This is because blue light penetrates right through the cornea to the retina, damaging light-sensitive cells in the retina.

It Can Potentially Cause Eye Strain

Blue light scatters more easily than other visible light. This unfocused light reduces contrast and can contribute to digital eye strain, characterized by headaches, neck pain and blurred vision.

That’s where blue light glasses come in.

Research has indicated that lenses that filter out blue light significantly increase contrast. Computer glasses with yellow-tinted lenses may improve comfort levels when viewing digital devices for prolonged periods of time.

Are There Benefits to Wearing Blue Light Glasses?

As mentioned above, computer glasses reduce blue light exposure from computer screens and other digital devices. But are they worth getting?

According to the American Macular Degeneration Foundation, blue light can cause retinal damage “at greater intensities,” but the amount of light emitted by screens is quite low. Whether there is a cumulative effect requires further research.

Getting Blue Light Glasses

If you decide to get blue-light blocking lenses, you can find stylish options with or without a prescription. So if you’re farsighted and wear progressive lenses or bifocals, you can get single-lens computer glasses to match your prescription.

You may want to consider getting photochromic lenses, as they provide protection from both UV and blue light, whether indoors or out in the sun. These lenses seamlessly and automatically darken when exposed to UV rays outdoors, and become clear again when indoors.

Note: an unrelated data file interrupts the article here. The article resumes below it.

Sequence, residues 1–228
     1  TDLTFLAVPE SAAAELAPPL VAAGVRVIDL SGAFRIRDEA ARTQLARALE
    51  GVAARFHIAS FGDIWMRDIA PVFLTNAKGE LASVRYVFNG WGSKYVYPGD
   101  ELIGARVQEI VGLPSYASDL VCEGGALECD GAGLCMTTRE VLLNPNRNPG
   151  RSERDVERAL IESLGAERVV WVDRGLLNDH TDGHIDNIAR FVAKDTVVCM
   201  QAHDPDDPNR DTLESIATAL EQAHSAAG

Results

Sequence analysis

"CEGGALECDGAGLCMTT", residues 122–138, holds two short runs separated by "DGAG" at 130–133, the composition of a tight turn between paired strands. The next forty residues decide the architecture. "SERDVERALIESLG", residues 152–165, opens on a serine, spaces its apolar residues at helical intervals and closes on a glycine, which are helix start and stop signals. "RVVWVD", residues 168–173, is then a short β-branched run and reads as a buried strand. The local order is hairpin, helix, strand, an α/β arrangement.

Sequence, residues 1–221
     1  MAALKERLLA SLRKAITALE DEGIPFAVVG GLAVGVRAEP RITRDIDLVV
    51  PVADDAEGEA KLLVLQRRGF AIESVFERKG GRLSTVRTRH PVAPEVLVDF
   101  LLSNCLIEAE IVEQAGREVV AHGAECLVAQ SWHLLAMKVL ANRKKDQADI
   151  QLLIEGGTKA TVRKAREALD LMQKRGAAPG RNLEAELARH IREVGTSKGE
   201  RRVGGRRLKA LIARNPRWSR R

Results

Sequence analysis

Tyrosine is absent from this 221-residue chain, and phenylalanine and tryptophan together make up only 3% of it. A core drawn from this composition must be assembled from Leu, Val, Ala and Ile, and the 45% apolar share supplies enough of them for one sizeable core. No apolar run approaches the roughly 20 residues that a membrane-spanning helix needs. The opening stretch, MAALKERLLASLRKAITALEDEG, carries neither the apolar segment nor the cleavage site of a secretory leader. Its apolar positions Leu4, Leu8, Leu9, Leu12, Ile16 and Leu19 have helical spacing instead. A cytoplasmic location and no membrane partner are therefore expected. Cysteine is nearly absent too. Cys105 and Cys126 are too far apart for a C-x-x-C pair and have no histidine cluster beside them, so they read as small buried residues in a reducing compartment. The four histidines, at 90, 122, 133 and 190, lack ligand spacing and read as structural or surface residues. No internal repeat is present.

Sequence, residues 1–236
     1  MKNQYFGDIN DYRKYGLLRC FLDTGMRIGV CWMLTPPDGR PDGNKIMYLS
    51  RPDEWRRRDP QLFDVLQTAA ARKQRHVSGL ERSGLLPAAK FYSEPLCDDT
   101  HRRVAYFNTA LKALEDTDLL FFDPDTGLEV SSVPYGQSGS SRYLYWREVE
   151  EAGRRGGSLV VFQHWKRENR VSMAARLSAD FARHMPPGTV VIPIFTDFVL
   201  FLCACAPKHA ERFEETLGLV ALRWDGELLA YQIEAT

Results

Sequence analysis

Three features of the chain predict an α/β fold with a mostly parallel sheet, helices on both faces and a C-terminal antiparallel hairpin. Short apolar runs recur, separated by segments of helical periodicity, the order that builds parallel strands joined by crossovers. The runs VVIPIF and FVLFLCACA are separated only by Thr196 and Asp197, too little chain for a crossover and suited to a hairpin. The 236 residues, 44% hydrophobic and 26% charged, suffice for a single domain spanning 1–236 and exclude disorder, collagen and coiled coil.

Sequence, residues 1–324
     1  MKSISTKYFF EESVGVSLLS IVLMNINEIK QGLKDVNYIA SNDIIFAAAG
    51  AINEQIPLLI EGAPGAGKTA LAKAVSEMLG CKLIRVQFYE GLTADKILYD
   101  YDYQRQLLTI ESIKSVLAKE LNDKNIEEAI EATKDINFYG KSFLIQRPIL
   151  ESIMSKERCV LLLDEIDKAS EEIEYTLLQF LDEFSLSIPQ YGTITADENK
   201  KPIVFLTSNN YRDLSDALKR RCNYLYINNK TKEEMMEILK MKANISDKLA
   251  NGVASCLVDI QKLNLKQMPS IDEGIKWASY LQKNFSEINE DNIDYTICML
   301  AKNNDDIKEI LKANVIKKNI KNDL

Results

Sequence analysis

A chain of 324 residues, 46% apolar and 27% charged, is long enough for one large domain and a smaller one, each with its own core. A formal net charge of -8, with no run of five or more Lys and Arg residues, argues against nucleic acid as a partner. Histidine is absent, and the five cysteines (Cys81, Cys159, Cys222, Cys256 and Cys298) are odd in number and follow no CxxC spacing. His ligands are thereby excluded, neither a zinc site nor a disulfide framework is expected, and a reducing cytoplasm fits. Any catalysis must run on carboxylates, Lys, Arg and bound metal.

Mill Creek Vision in Mill Creek offers a variety of blue light glasses and lenses. Contact us today to discuss the optimal lens features for your lifestyle and get fitted for your perfect pair.

Can I Get Sunglasses With Progressive Lenses?

Optical Store in Mill Creek

Optical Store in Mill Creek

If you wear prescription bifocal or progressive eyeglasses, you may be wondering whether you can get “progressive sunglasses” — sunglasses with progressive lenses. The answer is yes, you can!

Progressive sunglasses offer sharp vision at any distance. They allow you to go on hikes and road trips, or enjoy a lazy afternoon reading under the sun. Enjoying sharp vision at every distance—without needing to switch glasses—is worth the short adjustment period most people need to feel fully comfortable with their new progressive lenses.

Contact Mill Creek Vision to learn more about progressive sunglasses. Our dedicated eye care team is here to answer any questions you may have, and will be happy to help you find the perfect progressive sunglasses for your face shape, style, and lifestyle.

What Are Progressive Lenses?

Progressive lenses accommodate three prescriptions in a single lens. They offer clear vision and a smooth transition from distance vision to intermediate vision to near vision — without the usual line typically found in traditional bifocal lenses. Progressives have the added benefit of solving the need to buy multiple pairs of prescription glasses or having you switch glasses depending on your activity.

These lenses are used by people of all ages, though the majority are worn by people aged 40 and older, as they tend to develop presbyopia (age-related farsightedness), which prevents them from clearly seeing images or objects up close.

Progressive Sunglasses

Progressive sunglasses offer an excellent solution for those with several prescriptions seeking eyewear for the outdoors. With progressive sunglasses, you’ll not only see better in the sun and protect your eyes from harmful UV rays. You will no longer have to switch between glasses and sunglasses.